A day after the United States' biggest games-only retailer, GameStop started selling Modern Warfare 2 early, Activision has labeled the practice disappointing. Fellow publishers Sony and Capcom also weighed in.
"Activision is disappointed to learn that some retail locations have released ahead of schedule," a company spokesperson told Kotaku in a statement before reiterating comments from the weekend that the company has given no retailer permission to sell the game prior to November 10.
Activision's disappointment comes at an awkward hour as, this evening, a GameStop in New York City's Union Square is co-hosting a Modern Warfare 2 launch event with Activision and Microsoft.
A GameStop representative declined to offer any further comment about the company's move beyond company comments from the weekend confirming it had officially greenlit the early sale in some regions of the county.
A representative for Microsoft, which is producing a special Modern Warfare 2 Xbox 360 bundle, referred all comment to Activision.
But Activision peer Capcom did sound a note of caution about the whole situation.
"Street dates are broken all the time," Capcom director of communications and industry veteran Chris Kramer told Kotaku. "But I've never seen the decision made at a corporate level before. Launching a new game is an incredibly complicated process for the publisher at a level of Capcom or Activision, a process that makes publishers rely heavily on partners at many levels. That one of those partners – especially a partner that still is a significant part of a publisher's business – could just decide to change a roll-out of a game is more than a bit distressing."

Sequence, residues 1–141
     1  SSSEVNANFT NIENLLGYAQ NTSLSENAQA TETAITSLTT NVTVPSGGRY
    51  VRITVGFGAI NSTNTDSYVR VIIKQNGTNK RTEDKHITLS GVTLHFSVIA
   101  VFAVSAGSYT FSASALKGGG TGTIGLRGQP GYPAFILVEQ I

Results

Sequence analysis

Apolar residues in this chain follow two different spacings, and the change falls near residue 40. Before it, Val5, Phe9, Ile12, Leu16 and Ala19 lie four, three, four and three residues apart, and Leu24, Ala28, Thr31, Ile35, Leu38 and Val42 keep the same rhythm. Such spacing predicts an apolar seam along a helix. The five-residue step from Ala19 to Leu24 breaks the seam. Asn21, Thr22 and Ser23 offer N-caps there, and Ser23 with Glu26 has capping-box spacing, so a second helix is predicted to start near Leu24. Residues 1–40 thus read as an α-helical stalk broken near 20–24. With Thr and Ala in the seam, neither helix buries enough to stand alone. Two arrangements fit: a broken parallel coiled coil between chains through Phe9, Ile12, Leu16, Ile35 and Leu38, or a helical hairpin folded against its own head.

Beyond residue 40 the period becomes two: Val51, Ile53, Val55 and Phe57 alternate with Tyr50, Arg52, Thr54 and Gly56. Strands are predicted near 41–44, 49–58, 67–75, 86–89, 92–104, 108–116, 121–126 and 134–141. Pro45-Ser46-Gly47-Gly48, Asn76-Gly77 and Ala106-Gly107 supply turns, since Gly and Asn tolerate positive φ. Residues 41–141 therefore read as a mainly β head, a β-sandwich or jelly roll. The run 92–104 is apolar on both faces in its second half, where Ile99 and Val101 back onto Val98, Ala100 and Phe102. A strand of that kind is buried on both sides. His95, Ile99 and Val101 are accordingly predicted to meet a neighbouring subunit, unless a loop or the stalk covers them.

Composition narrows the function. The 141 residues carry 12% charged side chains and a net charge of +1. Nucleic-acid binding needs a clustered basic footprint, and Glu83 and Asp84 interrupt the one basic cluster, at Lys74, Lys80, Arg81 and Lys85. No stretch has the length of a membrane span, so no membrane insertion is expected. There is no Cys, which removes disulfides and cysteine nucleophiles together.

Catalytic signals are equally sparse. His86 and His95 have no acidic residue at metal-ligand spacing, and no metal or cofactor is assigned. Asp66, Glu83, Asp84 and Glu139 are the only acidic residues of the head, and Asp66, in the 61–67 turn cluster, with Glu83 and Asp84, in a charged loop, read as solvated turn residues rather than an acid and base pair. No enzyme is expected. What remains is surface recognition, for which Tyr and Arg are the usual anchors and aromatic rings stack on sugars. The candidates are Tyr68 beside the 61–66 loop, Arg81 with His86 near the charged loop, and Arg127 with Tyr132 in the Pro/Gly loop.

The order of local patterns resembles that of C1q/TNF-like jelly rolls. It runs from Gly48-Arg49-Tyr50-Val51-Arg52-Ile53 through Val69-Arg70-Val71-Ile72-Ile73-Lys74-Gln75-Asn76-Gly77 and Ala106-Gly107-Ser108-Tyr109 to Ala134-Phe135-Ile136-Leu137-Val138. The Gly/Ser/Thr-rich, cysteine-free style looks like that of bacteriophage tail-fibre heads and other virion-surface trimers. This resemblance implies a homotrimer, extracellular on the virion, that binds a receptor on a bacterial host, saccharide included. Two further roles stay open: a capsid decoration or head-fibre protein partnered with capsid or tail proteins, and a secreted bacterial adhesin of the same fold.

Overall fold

The early breaking of the street date for Modern Warfare 2, which seemed to be spurred by copies of the game sent to retailers mid-week going on sale early in mom-and-pop stores.
GameStop's move would seem to strain the company's relationship with publishers, but none indicated to Kotaku that they plan to take action.
Activision reps did not address specific Kotaku queries about whether the company would take any action against GameStop or change any of its practices involving shipping games early to retailers.
Capcom's Kramer said he did not think the Modern Warfare 2 incident would not change his company's policies about product delivery and street dates. A country the geographic size of the U.S. needs product to be spread early in preparation for a big launch he said.
PlayStation maker Sony Computer Entertainment of America also doesn't plan changes. "If GameStop broke any street on MW2, that's between GameStop and Activision," SCEA director of corporate communications, Patrick Seybold, told Kotaku. This won't impact the way we work with GameStop or other retailers."
Representatives from some other major publishers, including EA, Take Two and Warner Brothers declined to comment for this story.